bin/164094: bsdinstall(8): installer progress over 100%

Ariane van der Steldt ariane at stack.nl
Fri Jan 20 09:46:44 UTC 2012


On Tue, Jan 17, 2012 at 11:57:10PM -0600, Nathan Whitehorn wrote:
> On 01/17/12 23:23, Ariane van der Steldt wrote:
> > Hi Nathan,
> >
> > On Sat, Jan 14, 2012 at 07:42:24AM +0100, Ariane van der Steldt wrote:
> >> On Fri, Jan 13, 2012 at 07:49:12PM -0600, Nathan Whitehorn wrote:
> >>> On 01/13/12 19:16, eadler at FreeBSD.org wrote:
> >>>> FreeBSD installer changed my MBR-only partition table to MBR+GPT
> >>>> partition table.
> >
> >>>> The other OS does not have GPT logic; I want to be at least warned
> >>>> this is happening and prefer to have the option at least.
> >>>> Alternatively, the installer may opt not to install a GPT if the disk
> >>>> does not require it (as in the case in this machine)
> >>> Can you give some more details here? This is something that the
> >>> installer is not programmed to do and that I cannot reproduce.
> >> Sure. I used a VM to reproduce the problem, so I could provide pretty
> >> screenshots in an attempt to better explain the problem.
> >>
> >>
> >> Pre-install:
> >> only 1 OS installed, windows XP, using MBR partition table.
> >>
> >> Using a live CD, I can instruct fdisk to (pointlessly) alter the active
> >> partition, as can be seen in attached screenshot 1
> >>
> >>
> >> Post-install:
> >> Both windows XP and FreeBSD are installed.
> >> Unfortunately, fdisk can no longer be used to alter the active
> >> partition, gpart is to be used instead.
> >> As can be seen in attached screenshot 2, fdisk fails.
> >>
> >> After install, only gpart can be used to change the active partition.
> > Upon rereading the manpage for gpart, I'm wondering if what I concluded
> > really happened. On closer examination, it's possible the geom logic
> > blocked fdisk from modifying the partition table. Can you tell me how I
> > can confirm out what partitioning schemes are present on my harddisk?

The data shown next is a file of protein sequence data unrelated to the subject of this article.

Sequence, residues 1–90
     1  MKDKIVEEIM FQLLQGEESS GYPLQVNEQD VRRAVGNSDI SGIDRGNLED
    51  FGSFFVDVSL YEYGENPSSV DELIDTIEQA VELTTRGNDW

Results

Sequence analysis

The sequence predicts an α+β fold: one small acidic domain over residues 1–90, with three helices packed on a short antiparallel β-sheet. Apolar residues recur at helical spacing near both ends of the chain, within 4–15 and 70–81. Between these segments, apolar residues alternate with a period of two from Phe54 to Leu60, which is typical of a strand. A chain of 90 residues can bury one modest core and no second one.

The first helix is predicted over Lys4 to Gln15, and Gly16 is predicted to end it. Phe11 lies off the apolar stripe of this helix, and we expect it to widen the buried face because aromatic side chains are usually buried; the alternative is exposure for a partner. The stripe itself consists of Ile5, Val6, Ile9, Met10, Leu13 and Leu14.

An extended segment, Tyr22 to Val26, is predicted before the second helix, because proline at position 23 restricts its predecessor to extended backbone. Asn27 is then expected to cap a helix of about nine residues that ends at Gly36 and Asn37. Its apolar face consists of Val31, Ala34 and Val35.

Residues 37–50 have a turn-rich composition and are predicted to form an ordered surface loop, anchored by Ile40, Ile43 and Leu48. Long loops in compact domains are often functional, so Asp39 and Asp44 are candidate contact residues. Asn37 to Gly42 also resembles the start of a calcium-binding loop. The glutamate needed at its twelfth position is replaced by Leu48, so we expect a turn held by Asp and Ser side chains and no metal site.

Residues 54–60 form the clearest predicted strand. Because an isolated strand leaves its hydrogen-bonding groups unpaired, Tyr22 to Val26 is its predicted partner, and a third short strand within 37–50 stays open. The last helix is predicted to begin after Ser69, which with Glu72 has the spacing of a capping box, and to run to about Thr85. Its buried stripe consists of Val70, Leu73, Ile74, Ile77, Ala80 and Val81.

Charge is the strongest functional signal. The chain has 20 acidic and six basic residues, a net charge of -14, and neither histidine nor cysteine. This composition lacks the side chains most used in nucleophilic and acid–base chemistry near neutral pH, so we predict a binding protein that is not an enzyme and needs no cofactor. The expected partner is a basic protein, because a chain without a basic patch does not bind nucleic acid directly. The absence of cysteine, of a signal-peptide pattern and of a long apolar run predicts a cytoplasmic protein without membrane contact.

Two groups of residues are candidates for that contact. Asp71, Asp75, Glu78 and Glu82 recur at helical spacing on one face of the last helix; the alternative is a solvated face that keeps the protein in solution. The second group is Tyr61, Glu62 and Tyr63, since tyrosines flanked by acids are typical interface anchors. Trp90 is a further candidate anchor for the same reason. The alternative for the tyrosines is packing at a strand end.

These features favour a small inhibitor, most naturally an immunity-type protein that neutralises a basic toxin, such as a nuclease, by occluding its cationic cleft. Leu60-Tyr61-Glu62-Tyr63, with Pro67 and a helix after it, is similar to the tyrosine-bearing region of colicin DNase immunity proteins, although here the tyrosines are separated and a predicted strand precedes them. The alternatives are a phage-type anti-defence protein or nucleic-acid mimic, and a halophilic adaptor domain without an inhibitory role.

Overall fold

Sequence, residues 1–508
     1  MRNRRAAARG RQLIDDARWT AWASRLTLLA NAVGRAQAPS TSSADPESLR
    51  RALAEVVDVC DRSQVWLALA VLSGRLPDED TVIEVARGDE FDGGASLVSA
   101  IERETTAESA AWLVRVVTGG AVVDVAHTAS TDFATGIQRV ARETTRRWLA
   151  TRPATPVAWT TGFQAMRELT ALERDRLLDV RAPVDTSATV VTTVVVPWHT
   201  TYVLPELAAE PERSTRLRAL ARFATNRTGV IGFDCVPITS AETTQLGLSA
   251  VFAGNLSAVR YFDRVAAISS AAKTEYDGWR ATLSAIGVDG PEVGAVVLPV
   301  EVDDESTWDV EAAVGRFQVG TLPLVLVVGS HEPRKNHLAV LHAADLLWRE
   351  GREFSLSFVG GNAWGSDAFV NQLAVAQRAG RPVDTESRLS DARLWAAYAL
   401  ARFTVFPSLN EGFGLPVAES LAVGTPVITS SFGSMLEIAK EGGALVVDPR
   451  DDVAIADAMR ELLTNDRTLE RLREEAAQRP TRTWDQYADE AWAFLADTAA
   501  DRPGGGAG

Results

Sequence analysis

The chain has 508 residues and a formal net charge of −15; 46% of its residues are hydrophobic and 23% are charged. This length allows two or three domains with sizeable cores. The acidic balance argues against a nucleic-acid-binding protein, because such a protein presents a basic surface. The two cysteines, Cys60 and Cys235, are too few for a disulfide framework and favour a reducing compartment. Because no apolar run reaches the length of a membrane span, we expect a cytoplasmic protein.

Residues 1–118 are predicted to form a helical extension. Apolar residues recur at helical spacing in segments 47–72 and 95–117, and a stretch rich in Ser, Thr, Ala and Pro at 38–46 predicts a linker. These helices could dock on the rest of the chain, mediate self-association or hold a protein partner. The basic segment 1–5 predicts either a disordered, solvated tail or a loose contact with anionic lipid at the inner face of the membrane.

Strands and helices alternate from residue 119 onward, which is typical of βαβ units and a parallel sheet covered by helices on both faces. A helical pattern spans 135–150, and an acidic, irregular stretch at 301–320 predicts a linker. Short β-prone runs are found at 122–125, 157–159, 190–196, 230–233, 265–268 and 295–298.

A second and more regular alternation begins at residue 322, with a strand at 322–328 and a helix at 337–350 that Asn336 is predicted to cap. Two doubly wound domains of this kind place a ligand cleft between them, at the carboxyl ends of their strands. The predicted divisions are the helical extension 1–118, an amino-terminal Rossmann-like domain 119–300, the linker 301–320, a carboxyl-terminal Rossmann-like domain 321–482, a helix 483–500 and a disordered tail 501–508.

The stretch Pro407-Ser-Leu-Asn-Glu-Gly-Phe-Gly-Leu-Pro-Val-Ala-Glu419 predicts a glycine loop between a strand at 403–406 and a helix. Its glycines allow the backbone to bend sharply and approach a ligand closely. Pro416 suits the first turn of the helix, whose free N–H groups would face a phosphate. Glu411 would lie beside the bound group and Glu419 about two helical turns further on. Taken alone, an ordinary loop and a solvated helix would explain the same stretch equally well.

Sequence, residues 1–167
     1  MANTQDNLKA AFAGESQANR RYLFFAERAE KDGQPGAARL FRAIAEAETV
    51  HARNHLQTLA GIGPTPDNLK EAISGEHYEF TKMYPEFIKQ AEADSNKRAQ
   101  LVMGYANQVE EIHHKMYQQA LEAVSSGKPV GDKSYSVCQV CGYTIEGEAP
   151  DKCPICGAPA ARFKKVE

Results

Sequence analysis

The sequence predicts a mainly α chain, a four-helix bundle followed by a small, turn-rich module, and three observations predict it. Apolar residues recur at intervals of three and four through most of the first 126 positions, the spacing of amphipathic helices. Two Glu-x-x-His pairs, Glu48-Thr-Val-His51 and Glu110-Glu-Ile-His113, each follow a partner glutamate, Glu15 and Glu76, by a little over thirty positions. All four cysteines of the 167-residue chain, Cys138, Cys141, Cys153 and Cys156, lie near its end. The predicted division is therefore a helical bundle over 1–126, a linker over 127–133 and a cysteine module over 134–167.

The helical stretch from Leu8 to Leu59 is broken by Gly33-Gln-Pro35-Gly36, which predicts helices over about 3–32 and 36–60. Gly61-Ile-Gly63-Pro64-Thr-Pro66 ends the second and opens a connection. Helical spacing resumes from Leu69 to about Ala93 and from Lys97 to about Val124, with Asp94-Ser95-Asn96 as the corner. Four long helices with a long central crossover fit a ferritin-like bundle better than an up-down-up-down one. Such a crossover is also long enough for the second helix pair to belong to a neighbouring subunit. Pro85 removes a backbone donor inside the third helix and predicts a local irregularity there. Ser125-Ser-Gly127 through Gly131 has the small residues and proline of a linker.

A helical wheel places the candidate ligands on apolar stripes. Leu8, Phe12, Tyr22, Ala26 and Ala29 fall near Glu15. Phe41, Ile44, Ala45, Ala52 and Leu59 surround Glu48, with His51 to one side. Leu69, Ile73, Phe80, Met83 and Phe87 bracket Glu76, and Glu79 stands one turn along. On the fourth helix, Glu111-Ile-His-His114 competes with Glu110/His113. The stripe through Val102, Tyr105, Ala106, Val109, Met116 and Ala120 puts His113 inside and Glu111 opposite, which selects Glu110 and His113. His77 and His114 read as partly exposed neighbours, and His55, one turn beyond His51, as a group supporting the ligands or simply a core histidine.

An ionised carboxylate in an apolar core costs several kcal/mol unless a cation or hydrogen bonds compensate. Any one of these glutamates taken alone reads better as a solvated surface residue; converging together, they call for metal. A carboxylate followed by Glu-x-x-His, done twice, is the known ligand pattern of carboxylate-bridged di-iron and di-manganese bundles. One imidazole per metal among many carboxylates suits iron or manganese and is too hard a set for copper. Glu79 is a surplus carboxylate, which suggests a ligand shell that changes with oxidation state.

> > I put the output of gpart show at the bottom of the e-mail, which
> > suggests the mbr scheme is used regardless.
> >
> > If geom indeed blocks fdisk from altering the partition table, I'm
> > wondering what the use of the binary is though, as it seems gpart does
> > everything fdisk does, but without failing.
> >
> > # gpart show
> > =>         63  1250263665  ada0  MBR  (596G)
> >            63   209712447     1  ntfs  [active]  (100G)
> >     209712510   102398310     2  ntfs  (48G)
> >     312110820   937426896     3  freebsd  (447G)
> >    1249537716      726012        - free -  (354M)
> >
> > =>         0  937426896  ada0s3  BSD  (447G)
> >            0  929038336       1  freebsd-ufs  (443G)
> >    929038336    8388559       2  freebsd-swap  (4G)
> >    937426895          1          - free -  (512B)
> 
> That implies it's just MBR + BSD label. Why did you think it was GPT? 
> Geom does prevent many utilities from altering the partition table. I 
> was under the impression that fdisk had been modified to actually use 
> geom these days, so it should have worked, but it's possible that didn't 
> work somehow.

I came under that impression because fdisk didn't work, while before
installing freebsd, it did work. gpart, due to its name and coupled with
a refusing fdisk, made me jump to the conclusion that I had been given a
GPT table.

Is there a technical reason that geom is not automatically activated on
every partition table? It seems to me that unifying these would reduce
complexity and confusion to the end user. And I see no reason why the
boot volume has this recognized and activated automatically, but other
devices don't.
-- 
Ariane


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